Wednesday, July 25, 2007

appeal ...

There are exciting developments on the retail side at the moment. We've started to stock models, also a lot of new stock items are on order and expected at the shop soon. Also the eBay, web and blog sites will see huge development over the next few months.

Amazingly the second hand shop is running short of stock! Just a couple of months ago we were totally overwhelmed with the middle office storeroom almost full to the roof with old books, videos, CDs etc. The whole lot has now been sold raising much needed funds. So all donations of books etc are now more than welcome at the shop! We sell everything at just 50p an item, so it's always worth a look to see what we've got in stock. Buying or selling, please call in the shop any Sunday, Monday or (from 16th August) Thursday, between 10am and 2pm. ALL books are wanted, not just railway books! Also welcome are videos, DVDs, records, CDs, maps, cassette tapes, magazines etc etc.
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Tuesday, July 24, 2007

my last monday

Yesterday was my last regular Monday at Midsomer Norton. I'll be switching to Thursdays from 16th August, so the shop will be open an extra day each week.

Typically the day was rainy and overcast, but busy in the shop! The modernisation of the catering coach has also started, hopefully full reopening will happen by the August bank holiday!
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Monday, July 23, 2007


Blogger seems to have been affected by a bug making photos load then disappear over the last couple of days. It may be flood-related as we've lost our phone for about 12 hours now, and Broadband is down in many parts of the country outside of the flood area. Looks like Climate Change effects are already causing problems, as so often forecast on this blog.

Will try to make progress tomorrow! Thanks for your patience.

Sunday, July 22, 2007


Summer 2007!

The astonomical flowerbeds are looking great despite the strange weather this summer. It's amazing what a sharp edge-trimmer and a wholesale qunatity of bedding plants can do in the way of transformation!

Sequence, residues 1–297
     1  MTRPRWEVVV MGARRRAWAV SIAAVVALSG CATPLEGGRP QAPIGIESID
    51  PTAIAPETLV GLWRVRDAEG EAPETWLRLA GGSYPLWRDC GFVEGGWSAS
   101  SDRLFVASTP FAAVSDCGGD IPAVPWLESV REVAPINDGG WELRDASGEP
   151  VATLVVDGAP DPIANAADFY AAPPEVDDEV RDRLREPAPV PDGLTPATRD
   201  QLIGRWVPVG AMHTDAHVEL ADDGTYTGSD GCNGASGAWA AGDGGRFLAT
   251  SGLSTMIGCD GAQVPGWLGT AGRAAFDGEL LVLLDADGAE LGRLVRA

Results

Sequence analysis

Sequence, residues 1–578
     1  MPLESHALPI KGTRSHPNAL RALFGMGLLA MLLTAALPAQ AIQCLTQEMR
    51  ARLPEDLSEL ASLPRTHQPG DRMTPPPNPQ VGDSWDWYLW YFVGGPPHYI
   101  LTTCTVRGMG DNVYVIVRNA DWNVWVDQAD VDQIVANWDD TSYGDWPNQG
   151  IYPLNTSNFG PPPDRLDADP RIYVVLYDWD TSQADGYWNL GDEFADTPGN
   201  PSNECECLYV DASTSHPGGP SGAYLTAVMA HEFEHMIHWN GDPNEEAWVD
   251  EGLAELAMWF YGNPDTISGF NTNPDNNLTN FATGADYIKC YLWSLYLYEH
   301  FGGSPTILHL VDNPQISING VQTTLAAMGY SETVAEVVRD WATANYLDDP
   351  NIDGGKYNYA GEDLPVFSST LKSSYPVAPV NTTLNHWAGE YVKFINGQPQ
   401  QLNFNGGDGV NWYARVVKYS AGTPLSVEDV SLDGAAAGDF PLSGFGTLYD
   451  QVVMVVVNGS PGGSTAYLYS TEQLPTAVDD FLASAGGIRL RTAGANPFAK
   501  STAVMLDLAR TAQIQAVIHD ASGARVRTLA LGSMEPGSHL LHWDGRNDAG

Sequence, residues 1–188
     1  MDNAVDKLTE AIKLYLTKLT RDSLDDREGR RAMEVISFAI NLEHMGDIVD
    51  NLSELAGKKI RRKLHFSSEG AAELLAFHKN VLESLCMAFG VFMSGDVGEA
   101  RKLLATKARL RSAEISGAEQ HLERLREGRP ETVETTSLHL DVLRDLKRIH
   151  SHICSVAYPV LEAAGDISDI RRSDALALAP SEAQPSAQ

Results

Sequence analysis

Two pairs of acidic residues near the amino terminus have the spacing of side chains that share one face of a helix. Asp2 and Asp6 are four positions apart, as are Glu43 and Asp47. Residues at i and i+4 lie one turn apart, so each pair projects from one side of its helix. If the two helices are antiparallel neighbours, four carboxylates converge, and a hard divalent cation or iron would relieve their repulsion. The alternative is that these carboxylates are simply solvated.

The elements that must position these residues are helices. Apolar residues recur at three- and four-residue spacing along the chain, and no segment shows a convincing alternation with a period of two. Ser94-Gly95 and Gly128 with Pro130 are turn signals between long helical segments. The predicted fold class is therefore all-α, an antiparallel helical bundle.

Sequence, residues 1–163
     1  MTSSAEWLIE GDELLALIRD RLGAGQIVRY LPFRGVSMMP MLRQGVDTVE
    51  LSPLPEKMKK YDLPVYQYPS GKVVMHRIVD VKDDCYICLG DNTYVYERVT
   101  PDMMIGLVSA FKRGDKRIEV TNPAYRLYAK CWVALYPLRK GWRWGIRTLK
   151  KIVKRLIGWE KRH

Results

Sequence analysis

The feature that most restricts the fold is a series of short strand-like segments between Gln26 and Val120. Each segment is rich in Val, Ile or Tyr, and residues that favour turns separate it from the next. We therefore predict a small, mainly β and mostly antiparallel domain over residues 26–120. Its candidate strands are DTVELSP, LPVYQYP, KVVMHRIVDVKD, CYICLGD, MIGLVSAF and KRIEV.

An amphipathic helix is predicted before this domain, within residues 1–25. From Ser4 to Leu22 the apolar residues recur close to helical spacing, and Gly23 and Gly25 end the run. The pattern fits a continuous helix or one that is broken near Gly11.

above water

Thankfully Midsomer Norton has been spared both of the big deluges of the last month or so, though we only just missed Friday's. But it's a timely reminder of the sort of conditions we'll be facing more and more as the atmosphere warms up. Rail is being pushed as one of the biggest 'cures' to Global Heating, particularly where sustainable energy is used. With Peak Oil finishing off cheap oil and most road use over the next 20-30 years everything is moving towards a huge revival in rail. It's still hard to determine exactly how this will effect the S&D, but revival of lengthy sections of the line is probably the least we can expect!

Tuesday, July 17, 2007

S&D Photographic Group

With new photo opportunities opening up all the time both on the restored sections of line and the waiting-to-be-restored remainder, we've now started up an S&D Photographic Group on Flickr, which anyone can submit their photos to. Please click here to join.
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Monday, July 16, 2007

busiest Monday yet?

Very hectic at Midsomer Norton today. 48 kids up from the local school, a visiting film unit, plenty of ordinary visitors and more volunteers than I've seen in a long time! If this is what we can manage on a middling Monday before trains are running just imagine the crowds when we're running regular steam at weekends!
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Sunday, July 15, 2007

castles in the air?

(Josselin 9.7.07)

Sometimes when you look at the work needed just to restore from Radstock to Shepton you wonder how long it will take to restore the S&D proper, relay the track, demolish incursions, repair the engineering works, rebuild the stations, put the signalling back in, raise money, train staff, complete all the legal arrangements, rebuild Prestleigh Viaduct, purchase locos and stock, negotiate running agreements with other lines (Network, East Somerset, North Somerset, North Dorset, Gartell) etc etc.